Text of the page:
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Beer Retailers



BARTON John 1596:- John Barton of Chislet, victualler, in 20, to appear; surety, Thomas [ - ] of the same, yeoman. (Possibly the "Bell.")


Kentish Gazette, 18 March 1851.


Saturday, March 15. (Before W. Delmar and G. M. Taswell, Esqs, and the Rev J. Hilton.)

Thomas Daniels, beer-shop keeper, parish of Chislett, was charged by Superintendent William Walker, with having his house open for the sale of beer, on Sunday, 9th March, before half-past 12 o'clock in the day.

Fined 1, and 13s. 6d costs.

He was again charged by Superintendent W. Walker, with having refused him admittance to his home on Sunday, 9th March. Daniels seeing the Superintendent coming immediately shut and fastened the door. Pleaded guilty, and was fined the mitigated penalty of 1, and 15s. 6d. costs.

(We hope the above will be a caution to licensed victuallers and beer-shop keepers.)


Kentish Gazette, 5 August 1851.

Petty Sessions. Home Division of St Augustine's.

Saturday, August 2nd.

(Before E. Fass, Esq., (chairman," William Delmar, Esq., G. M. Taswell, Esq., T. M. McKay , Esq., William Hyder, Esq., and the Rev. J. Hilton.

Thomas Daniels, of Chislett, who has a licence to sell beer off the premises, was fined 1 and 15s. 6d. costs for keeping his house open for the sale of beer, after 10 o'clock on the 26th ult, on the complaint of Superintendent Walker. It was a second offence, and the defendant made the same excuse, namely, that he was treating a few customers to some beer, on their paying their bills for pork and wood.

John Laker, of Herne, was fined 1s. and 14s. 6d. costs, for a similar offence, though of a less aggravated nature.

After the transaction of some important business, the Court broke up.


Kentish Gazette, 17 January 1854.


Gambling in a Public House.

(Befors T. H. Mackey. Esq., and F. J. Percival, Esq.)

Thomas Bean, licensed victualler, of the parish of Chislett, appeared to answer an information preferred against him by Superintendent Walker, charging him with having, on the 2nd of January last, permitted gaming with cards in his house, contrary to the tenor of his license. The defendant pleaded guilty, and urged that he was not at home at the time.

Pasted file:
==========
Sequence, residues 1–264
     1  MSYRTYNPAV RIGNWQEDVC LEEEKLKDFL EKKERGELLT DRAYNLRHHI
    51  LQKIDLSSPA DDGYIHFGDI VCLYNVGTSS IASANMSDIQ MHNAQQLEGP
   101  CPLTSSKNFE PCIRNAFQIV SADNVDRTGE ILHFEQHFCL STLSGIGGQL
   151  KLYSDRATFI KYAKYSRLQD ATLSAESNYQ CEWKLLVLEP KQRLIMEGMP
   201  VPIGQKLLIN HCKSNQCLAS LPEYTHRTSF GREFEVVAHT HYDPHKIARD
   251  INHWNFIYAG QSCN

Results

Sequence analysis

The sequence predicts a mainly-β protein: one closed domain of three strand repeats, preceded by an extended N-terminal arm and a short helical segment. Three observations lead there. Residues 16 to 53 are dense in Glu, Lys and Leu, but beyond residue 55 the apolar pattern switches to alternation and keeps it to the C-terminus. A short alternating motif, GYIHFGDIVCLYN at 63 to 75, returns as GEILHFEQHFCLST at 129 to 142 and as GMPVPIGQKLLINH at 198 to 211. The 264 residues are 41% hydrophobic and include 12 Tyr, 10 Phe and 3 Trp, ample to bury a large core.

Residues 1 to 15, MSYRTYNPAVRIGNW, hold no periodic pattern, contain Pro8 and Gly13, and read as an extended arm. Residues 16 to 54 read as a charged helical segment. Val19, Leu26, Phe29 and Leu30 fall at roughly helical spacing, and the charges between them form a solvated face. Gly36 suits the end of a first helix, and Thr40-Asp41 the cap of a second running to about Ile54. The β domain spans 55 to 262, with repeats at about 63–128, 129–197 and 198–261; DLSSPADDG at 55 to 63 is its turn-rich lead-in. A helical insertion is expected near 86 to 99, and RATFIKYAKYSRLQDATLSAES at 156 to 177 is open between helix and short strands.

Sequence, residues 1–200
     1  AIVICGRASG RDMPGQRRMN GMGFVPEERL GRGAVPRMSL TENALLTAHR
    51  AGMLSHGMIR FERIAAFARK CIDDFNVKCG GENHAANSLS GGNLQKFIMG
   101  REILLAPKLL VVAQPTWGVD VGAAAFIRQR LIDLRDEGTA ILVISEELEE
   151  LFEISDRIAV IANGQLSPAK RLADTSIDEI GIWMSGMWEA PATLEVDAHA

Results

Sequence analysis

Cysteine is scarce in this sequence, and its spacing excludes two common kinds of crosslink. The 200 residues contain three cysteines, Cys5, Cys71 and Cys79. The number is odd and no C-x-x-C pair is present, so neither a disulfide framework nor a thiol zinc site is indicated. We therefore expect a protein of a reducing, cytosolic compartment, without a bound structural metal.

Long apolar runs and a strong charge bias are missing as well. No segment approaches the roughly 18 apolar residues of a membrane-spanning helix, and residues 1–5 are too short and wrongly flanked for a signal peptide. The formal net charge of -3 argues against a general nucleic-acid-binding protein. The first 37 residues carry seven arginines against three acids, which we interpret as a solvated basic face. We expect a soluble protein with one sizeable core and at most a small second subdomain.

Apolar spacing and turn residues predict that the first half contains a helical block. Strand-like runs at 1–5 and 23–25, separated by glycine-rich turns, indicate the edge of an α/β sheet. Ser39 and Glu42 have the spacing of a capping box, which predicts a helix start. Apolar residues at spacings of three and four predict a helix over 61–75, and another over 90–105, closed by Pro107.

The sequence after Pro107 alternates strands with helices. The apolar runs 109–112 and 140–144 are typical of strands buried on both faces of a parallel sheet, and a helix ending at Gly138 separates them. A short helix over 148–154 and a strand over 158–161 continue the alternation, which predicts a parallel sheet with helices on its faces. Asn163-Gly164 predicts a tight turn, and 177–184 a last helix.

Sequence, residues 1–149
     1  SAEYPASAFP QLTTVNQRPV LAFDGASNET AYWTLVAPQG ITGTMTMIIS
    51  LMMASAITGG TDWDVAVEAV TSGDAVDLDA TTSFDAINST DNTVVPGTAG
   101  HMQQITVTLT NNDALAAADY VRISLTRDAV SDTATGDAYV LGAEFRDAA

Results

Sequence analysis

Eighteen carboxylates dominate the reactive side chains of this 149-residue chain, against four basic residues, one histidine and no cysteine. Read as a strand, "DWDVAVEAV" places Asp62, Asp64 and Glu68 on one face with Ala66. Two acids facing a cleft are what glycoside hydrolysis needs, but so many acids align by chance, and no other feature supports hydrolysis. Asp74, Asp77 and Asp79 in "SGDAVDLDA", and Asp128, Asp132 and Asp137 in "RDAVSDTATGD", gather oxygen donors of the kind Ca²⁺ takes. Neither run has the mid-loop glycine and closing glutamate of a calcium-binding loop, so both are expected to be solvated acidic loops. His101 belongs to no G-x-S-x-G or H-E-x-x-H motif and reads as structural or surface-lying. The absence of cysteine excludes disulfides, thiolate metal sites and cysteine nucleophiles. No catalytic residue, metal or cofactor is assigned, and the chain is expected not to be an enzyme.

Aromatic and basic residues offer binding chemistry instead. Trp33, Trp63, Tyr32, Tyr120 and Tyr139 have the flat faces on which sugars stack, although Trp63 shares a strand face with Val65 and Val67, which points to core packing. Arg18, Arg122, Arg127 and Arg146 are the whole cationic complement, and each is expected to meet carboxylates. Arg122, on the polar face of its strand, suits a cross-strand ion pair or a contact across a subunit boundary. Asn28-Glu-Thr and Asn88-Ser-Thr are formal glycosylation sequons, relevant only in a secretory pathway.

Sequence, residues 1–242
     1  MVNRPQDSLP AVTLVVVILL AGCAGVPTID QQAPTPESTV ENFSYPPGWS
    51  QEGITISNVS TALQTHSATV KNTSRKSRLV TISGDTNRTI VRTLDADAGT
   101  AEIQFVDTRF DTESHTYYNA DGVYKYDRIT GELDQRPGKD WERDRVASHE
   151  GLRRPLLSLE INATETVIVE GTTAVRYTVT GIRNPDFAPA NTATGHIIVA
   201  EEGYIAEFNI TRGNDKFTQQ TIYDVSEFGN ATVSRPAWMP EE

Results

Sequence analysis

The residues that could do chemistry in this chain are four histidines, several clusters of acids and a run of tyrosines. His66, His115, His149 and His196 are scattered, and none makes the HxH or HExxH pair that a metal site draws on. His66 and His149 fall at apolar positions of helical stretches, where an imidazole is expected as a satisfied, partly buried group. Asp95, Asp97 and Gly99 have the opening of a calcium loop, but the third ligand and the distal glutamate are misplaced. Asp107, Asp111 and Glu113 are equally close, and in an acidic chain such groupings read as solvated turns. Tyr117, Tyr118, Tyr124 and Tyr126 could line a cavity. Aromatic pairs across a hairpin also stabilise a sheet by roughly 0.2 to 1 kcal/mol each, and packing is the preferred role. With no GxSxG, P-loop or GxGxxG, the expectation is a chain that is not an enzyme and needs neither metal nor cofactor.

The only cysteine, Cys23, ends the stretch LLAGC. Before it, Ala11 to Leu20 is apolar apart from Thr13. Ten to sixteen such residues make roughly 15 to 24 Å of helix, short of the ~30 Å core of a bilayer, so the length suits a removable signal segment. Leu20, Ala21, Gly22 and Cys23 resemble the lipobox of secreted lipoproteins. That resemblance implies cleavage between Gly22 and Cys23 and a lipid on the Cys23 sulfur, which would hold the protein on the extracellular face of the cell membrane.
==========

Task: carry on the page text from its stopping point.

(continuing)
The Superintendent was asked to explain the circumstance, when he stated that from information he had received, it appeared that a number of persons went into the defendants house on the 2nd instant, when the cards were called for and produced: at first they played for pints of beer only, and ultimately for 6 pints. It was in the afternoon.

Defendant:- It being a snowy day the men had nothing to do, and my wife gave them the cards in order to afford them a little amusement.

Mr. Mackay:- But you know it is wrong; we cannot allow such a practice to prevail.

Defendant:- I have had the house 20 years, and this is the first complaint that has been brought against me.

The Superintendent was sorry to say that a great many public-houses kept cards.

Defendant:- I thought the statement in the licence meant about betting and the like.

The Bench:- You could not have thought that; however, as this is your first offence, we fine you 10s., and 32s. costs.



From the Kentish Chronicle, 2 July, 1864.


Finch, keeper of a beer-house in Chislett, was summoned for selling beer during prohibited hours on the Sunday previous. Sergt, Gower stated that on Sunday morning between the hours of 10 and 12, he was on duty near the defendant's house, which is situate a short distance from the high-road, and partly secluded by trees and other foliage, when he saw a girl carrying a basket coming from the Inn. He examined the contents and found therein a jug of beer. Finch admitted he had supplied the beer, but urged that he was asked to do so for a sick man.

A magistrate:- Is beer considered a good medicine in your part?

Defendant: Many are glad to take it, as they can't get anything else to do them so much good.

Fined 6d., costs 10s. 6d.


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